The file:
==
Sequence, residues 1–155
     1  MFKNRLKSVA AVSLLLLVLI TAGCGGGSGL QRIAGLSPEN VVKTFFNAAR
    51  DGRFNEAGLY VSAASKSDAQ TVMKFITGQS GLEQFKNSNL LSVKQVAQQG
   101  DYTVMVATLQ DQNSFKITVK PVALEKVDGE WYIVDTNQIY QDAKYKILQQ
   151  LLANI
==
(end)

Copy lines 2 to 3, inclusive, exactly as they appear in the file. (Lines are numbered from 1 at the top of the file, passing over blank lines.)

     1  MFKNRLKSVA AVSLLLLVLI TAGCGGGSGL QRIAGLSPEN VVKTFFNAAR
    51  DGRFNEAGLY VSAASKSDAQ TVMKFITGQS GLEQFKNSNL LSVKQVAQQG